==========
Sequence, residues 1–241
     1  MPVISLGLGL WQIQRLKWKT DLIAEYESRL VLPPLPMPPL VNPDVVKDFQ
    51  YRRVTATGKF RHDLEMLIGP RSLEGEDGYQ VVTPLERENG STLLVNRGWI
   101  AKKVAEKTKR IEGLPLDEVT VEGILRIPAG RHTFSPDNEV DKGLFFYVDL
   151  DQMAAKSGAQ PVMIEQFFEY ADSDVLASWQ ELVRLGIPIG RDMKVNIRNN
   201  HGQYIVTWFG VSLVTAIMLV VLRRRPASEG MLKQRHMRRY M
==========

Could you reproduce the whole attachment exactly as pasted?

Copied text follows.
Sequence, residues 1–241
     1  MPVISLGLGL WQIQRLKWKT DLIAEYESRL VLPPLPMPPL VNPDVVKDFQ
    51  YRRVTATGKF RHDLEMLIGP RSLEGEDGYQ VVTPLERENG STLLVNRGWI
   101  AKKVAEKTKR IEGLPLDEVT VEGILRIPAG RHTFSPDNEV DKGLFFYVDL
   151  DQMAAKSGAQ PVMIEQFFEY ADSDVLASWQ ELVRLGIPIG RDMKVNIRNN
   201  HGQYIVTWFG VSLVTAIMLV VLRRRPASEG MLKQRHMRRY M